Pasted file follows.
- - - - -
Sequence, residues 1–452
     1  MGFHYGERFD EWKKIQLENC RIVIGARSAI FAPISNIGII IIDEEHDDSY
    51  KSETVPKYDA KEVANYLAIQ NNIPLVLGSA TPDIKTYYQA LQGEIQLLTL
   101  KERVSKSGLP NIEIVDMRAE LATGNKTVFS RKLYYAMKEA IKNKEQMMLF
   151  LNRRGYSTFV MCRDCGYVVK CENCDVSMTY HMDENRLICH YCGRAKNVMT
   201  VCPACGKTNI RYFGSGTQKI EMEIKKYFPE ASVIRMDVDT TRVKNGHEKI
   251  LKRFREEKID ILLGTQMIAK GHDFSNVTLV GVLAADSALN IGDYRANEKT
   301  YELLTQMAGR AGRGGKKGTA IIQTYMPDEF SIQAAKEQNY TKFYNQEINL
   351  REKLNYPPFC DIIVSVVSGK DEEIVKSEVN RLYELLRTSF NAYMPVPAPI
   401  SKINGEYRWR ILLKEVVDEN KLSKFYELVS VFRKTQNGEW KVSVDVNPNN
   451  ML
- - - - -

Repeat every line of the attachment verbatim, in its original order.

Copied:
Sequence, residues 1–452
     1  MGFHYGERFD EWKKIQLENC RIVIGARSAI FAPISNIGII IIDEEHDDSY
    51  KSETVPKYDA KEVANYLAIQ NNIPLVLGSA TPDIKTYYQA LQGEIQLLTL
   101  KERVSKSGLP NIEIVDMRAE LATGNKTVFS RKLYYAMKEA IKNKEQMMLF
   151  LNRRGYSTFV MCRDCGYVVK CENCDVSMTY HMDENRLICH YCGRAKNVMT
   201  VCPACGKTNI RYFGSGTQKI EMEIKKYFPE ASVIRMDVDT TRVKNGHEKI
   251  LKRFREEKID ILLGTQMIAK GHDFSNVTLV GVLAADSALN IGDYRANEKT
   301  YELLTQMAGR AGRGGKKGTA IIQTYMPDEF SIQAAKEQNY TKFYNQEINL
   351  REKLNYPPFC DIIVSVVSGK DEEIVKSEVN RLYELLRTSF NAYMPVPAPI
   401  SKINGEYRWR ILLKEVVDEN KLSKFYELVS VFRKTQNGEW KVSVDVNPNN
   451  ML